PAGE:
As days add up to weeks, the age-old adage that the grass is greener on the other side is challenged and you constantly find yourself comparing your life to a before and a now. The promise of a better life and incredible opportunities come with the harsh reality of fierce competition, unfamiliarity, and the need to adapt to a new environment. It’s not uncommon for professionals to find themselves struggling to secure employment in their field here. You become one number on this list. In humbling experience, you take up what comes your way to offset the expenses of starting over from scratch after having invested all your savings to just reach Australia.
The thoughts of ‘I am back to square 1 with my professional journey’, ‘I am not even earning more than I have been’, ‘I am not a single step closer to my dream life’ remain a constant humming in your head. It does not help when the topic of conversation with migrants abroad often revolve around work: the work you are doing, how you should do long shifts and weekend shifts, wage per hour comparison and the likes. It throws you off the little balance and you find yourself with the fear of missing out.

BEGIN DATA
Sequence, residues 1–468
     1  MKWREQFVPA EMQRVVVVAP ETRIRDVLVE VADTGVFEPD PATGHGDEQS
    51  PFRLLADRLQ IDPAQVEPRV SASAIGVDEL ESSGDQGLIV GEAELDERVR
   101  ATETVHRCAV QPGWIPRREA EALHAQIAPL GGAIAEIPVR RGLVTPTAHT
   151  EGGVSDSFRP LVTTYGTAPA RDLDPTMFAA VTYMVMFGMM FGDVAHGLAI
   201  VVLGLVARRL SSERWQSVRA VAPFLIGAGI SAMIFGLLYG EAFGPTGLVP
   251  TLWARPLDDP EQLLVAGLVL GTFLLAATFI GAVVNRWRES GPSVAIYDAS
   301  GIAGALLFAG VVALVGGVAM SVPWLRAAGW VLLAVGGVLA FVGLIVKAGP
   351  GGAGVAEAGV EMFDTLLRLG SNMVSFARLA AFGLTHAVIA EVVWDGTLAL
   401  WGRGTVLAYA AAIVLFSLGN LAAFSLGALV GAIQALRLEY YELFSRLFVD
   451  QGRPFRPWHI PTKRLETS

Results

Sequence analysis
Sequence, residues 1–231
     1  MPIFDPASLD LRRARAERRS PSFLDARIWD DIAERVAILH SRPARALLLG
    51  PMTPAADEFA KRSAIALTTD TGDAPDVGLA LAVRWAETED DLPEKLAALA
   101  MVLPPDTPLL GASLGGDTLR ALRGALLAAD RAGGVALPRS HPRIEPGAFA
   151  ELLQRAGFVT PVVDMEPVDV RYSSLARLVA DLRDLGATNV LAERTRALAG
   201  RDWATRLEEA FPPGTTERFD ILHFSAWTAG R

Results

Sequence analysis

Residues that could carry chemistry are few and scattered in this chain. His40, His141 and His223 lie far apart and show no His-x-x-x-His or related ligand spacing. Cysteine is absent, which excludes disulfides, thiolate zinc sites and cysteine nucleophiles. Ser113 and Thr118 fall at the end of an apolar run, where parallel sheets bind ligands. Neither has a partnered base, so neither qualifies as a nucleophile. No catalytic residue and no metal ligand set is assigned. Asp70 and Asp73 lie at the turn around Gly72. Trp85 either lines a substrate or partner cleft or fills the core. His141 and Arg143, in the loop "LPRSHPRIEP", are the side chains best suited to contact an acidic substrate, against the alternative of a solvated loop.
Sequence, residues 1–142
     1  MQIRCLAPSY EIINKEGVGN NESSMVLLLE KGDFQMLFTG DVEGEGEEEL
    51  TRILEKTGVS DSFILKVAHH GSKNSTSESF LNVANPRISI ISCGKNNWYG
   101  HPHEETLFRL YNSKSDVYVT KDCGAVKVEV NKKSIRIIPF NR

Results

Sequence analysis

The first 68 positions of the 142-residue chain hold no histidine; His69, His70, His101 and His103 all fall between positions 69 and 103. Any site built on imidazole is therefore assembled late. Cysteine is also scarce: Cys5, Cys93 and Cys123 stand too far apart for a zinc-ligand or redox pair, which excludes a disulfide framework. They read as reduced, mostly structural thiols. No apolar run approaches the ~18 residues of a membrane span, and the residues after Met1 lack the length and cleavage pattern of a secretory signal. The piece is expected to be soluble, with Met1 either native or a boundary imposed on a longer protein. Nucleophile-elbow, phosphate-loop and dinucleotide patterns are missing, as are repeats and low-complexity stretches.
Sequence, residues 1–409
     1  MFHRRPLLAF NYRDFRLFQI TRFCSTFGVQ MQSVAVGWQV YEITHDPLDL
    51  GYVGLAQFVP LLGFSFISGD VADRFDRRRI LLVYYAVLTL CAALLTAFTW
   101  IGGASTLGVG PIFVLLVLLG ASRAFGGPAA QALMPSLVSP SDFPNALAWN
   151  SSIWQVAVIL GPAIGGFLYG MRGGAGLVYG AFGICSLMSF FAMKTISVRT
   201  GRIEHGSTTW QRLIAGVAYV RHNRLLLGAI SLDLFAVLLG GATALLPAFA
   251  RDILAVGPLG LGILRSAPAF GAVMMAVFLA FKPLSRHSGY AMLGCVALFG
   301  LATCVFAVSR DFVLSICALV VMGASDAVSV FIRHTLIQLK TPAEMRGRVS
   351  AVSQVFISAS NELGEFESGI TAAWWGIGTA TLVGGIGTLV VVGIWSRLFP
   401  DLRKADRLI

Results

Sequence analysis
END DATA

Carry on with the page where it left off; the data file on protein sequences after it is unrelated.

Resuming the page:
When you realize that most are living by the unspoken oath that one moves to Australia to earn and are working 7 days a week, it instills in you a fear that maybe you are not doing enough if you haven’t conformed to this mindset. First you have your own thoughts that are at war between being practical (do even the menial jobs to sustain) and sense of dignity (you are worth more than this) to battle. And now you have the additional burden to do justice to the mantra of fellow Bhutanese abroad – work and earn so much as to secure a land and a building in Bhutan. Who cares if you haven’t even spent a single penny on yourself to visit another state after years in Australia?
Flinders Street, Melbourne Australia